The growth of mobile devices, social media and big data have resulted in companies relying heavily on outsourced IT and cloud services. Thereby, the focus towards privileged access for third-parties is also gaining prominence, helping companies to minimize risks of data theft and violation of compliance regulations.
Traditionally, most of the systems were on-premises, and secure access was provided to the data center. With companies moving to the cloud, broader access is required and the chances of people with malicious intent gaining access is also increasing.
Take for example, any e-commerce company. For these businesses to grow there is a heavy reliance on various partners. To connect stakeholders, companies are giving access to vendors, customers, partners etc., resulting in third-parties having privileged access to their main systems, creating data vulnerability.
Granting system access to third-parties is a potential threat. It has been observed that often this access is configured and managed by the third-party and not by the organization that owns the systems. Unless privileged access is controlled, the risk of data theft could be significant. Also, without appropriate access controls, companies may be out of compliance with government regulations. Therefore, the question that a company should be asking is not only ‘Who has access to what?’ but ‘What did they do with that access?
Lack of third-party access controls are resulting in high-profile breaches. And, in the spotlight are breaches at some of the largest chain of retail stores in the country. Along with breach of credit card and personal information details, these companies are also battling with loss of reputation.
- Hackers used a third-party vendor’s user name and password and acquired elevated rights to breach the network of a construction products retailer.
- Criminals obtained the login credentials of a sandwich restaurant chain’s point-of-sale system from the chain’s payment technology vendor and hacked the network.
- Attackers gained access to a large retailer’s network by compromising a heating, ventilation and air conditioning subcontractor’s system.
Despite such breaches staring us in the face, many companies are still complacent, believing it may hit them years later. But, the fact is, it is happening now, and companies need to be proactive, rather than firefighting later. This is why companies need to integrate third-party access as an important element in their overall privileged access management (PAM) strategy.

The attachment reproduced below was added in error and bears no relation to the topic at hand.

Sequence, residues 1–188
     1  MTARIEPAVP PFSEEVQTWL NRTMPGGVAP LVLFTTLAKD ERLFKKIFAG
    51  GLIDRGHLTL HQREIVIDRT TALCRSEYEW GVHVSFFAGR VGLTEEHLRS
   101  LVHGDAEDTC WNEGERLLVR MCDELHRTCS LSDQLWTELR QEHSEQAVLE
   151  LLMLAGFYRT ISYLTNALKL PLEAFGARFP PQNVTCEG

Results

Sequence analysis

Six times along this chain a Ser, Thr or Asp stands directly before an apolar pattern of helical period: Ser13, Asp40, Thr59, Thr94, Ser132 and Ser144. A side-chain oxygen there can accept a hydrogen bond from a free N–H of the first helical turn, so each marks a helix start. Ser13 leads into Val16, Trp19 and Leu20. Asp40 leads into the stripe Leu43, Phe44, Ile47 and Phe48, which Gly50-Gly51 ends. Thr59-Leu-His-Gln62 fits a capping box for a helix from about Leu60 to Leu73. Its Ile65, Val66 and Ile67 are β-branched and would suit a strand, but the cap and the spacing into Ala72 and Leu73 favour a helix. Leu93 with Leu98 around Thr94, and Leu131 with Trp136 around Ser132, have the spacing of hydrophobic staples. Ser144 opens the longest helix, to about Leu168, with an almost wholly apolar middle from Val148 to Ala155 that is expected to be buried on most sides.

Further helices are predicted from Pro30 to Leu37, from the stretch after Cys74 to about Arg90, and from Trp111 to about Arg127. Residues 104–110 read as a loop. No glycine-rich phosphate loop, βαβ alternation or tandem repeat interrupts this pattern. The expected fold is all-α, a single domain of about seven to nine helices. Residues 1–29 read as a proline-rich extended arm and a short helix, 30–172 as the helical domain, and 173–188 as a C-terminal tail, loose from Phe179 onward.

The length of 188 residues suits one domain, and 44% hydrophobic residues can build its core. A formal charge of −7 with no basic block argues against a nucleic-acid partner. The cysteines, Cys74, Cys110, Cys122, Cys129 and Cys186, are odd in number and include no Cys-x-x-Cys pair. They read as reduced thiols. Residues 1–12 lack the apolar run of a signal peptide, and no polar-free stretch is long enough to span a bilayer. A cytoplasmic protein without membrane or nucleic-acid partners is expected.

No shared accounts. Sharing of accounts is a major challenge that companies providing third-party access face. With true PAM, shared accounts are minimized. Every user has personalized access as per their needs. For instance, Centrify enables organizations to establish individual accountability by having all users log-in as themselves instead of relying on shared accounts. Elevated privileges are assigned in a granular fashion to allow third-parties to perform their duties without requiring shared accounts.
Time-bounded access to the system. Access is based on time-of-day for certain activities. For instance, a company’s annual report is required to be released at a specific time. Releasing it before the allotted timeframe may result in anomalies in stock prices and violation of regulations. That’s where PAM comes in handy, wherein the access is valid only during the designated times, and then, only to a particular system. This removes the old school issue — “I have a root password which makes me super user, but I only needed access to a specific area.”
All user activities are audited. Everything is logged in and can be viewed. All users are audited, and one can easily find out who has what access. In case of a breach, it becomes easier to find out the culprit. This helps an organization with an answer to — “Who accessed what, and when” to prove compliance with government regulations and industry mandates.
Privileged sessions are recorded for complete visibility and control. Detailed recording of each activity is undertaken. One can record and see who is doing what, creating transparency in the system, and providing more control to the organization to handle access. This creates accountability and speeds up investigation process — “IT teams can pinpoint suspicious activity, troubleshoot system failures, and perform forensic investigations into breaches.”
With Centrify’s Privilege Service, and especially its tailor-made PAM for cloud environments, companies are able to reduce the risk of security breach, simplify compliance effort and manage vendor access in a better manner. Avancer, in close collaboration with Centrify, has the expertise to integrate these solutions in various business environments, safeguarding sensitive data, while complying with policy and regulatory requirements.
Learn more about Centrify Privilege Service and PAM for cloud environments with these best practices.
This article was originally posted on Centrify Blog